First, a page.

Six Organs of Admittance, Hexadic (2015)

Six Organs of Admittance website

Hexadic Complete Bundle preorder

Drag City

Tags: , , , ,

At a Glance: Six Organs of Admittance, Ascent

Posted in Reviews on November 16th, 2012 by JJ Koczan

Usually you don’t think of Six Organs of Admittance — the syllabically and emotionally weighted psych/folk incarnation of Comets on Fire guitarist Ben Chasny — as music in which the listening experience is relative to volume. Go figure that after nigh on 15 years and more headphone-ready contemplations than I think anyone can reasonably be asked to count, Chasny would present a record like Ascent (Drag City), which more or less flies in the face of his usual methods. Have at you, expectations.

Space rocking, freaking out on psych jams and, yeah, even proffering a bit of that fleet-fingered acoustic work that’s made Six Organs sound rich even at Chasny‘s most minimal moments, Ascent teams the guitarist/vocalist with — wait for it — his own band. That’s right kids. Backing Chasny‘s classic space rock thrust on cuts like opener “Waswasa,” “One Thousand Birds” or the catchy and bass-heavy later cut “Even if You Knew” is none other than Comets on Fire. Seems superfluous to say the two entities work well together, since Chasny is also in that band, but the songs on Ascent flat out rule.

The last Six Organs record, 2011’s Asleep on the Floodplain (review here) was touching on a more cohesive psychedelic fascination, but it’s still a pretty big jump from that to the rolling vinyl-set groove of “One Thousand Birds.” A cut like “They Called You Near” (is that a Blazing Saddles reference?) mounts an atmospheric build of chorus vocals and surrounding drone, and the solo acoustic “Your Ghost” — at least conceptually — could have come off any album since 2005’s School of the Flower, but “Waswasa” is high-order heavy psych, and the shoe-gazing pastures of “Close to the Sky” keep a heady Dead Meadow-style sensibility to them that culminates in a swirling, cathartic-sounding solo. Even the dreamy closer “Visions (from Io)” is complete in a way Six Organs has shown little prior interest in being. Maybe it was something Chasny needed to get off his chest. What the fuck do I know.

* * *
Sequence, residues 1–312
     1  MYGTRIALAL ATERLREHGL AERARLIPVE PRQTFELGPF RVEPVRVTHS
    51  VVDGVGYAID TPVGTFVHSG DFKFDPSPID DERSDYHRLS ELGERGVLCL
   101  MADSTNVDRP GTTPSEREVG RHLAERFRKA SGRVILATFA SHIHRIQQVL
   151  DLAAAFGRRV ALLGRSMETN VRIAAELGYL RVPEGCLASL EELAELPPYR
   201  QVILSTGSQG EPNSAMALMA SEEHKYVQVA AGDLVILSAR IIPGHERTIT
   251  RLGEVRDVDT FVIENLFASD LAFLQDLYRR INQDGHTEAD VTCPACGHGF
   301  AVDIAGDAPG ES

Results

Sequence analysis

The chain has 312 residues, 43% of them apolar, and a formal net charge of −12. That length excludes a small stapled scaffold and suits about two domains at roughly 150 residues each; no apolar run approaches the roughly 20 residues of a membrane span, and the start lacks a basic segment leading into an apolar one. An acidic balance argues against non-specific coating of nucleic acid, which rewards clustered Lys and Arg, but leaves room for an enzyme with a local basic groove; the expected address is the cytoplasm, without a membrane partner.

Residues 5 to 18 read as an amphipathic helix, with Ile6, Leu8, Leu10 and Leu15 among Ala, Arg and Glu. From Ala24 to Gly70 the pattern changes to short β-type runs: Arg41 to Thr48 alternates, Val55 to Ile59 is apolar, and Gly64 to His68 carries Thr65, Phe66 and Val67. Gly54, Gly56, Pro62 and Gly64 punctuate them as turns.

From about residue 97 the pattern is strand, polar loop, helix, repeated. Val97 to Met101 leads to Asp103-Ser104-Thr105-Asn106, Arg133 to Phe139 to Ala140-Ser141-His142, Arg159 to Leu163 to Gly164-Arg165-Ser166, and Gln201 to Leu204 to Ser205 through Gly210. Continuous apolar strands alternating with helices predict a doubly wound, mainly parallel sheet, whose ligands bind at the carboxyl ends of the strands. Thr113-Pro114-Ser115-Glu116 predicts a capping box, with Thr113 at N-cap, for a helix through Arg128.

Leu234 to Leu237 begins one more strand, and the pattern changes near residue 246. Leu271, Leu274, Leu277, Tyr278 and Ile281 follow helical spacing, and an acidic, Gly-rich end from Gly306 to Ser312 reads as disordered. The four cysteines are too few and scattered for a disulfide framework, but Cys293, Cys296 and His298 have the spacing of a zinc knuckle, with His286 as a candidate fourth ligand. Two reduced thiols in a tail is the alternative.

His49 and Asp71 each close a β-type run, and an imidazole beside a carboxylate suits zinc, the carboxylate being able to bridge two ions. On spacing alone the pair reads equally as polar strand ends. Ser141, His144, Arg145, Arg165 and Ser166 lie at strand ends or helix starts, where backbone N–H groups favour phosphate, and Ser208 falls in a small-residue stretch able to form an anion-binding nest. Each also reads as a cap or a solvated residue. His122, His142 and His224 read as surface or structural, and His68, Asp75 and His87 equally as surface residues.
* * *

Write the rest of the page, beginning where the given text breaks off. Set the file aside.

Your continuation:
However much of Ascent was captured live — obviously things like Chasny‘s multi-tracked vocals weren’t, but the instrumental jams easily could’ve been — it sounds vibrant and organic thanks at least in part to the production of The Fucking ChampsTim Green, and the project’s long-heralded experimental penchant is presented clearly with varying underlying noises, drones, at time buried in the mix, at time consuming it, as with the rising electric solo to ultimate prominence in contrast to the acoustic beginnings of “Solar Ascent.” Ideas like that have been fair game for Six Organs for a while, but it’s the context that’s different, the full-band feel and what that full band is proffering that marks the change.

They’re touring the record, and though I’ve never seen Comets on Fire, I have caught Chasny as Six Organs before, and it should be interesting to see him as a “frontman” for a full band. In any case, with Ascent, he and his Comets cohorts have made a record distinct from either entity’s discography and yet inextricably part of both. Most importantly, the songs engage with the depth of melody that thankfully continues to typify Chasny‘s work in the band, and despite the boom in the accompaniment department, the music remains undeniably his own.

Six Organs of Admittance’s website

Drag City

Tags: , , , , , ,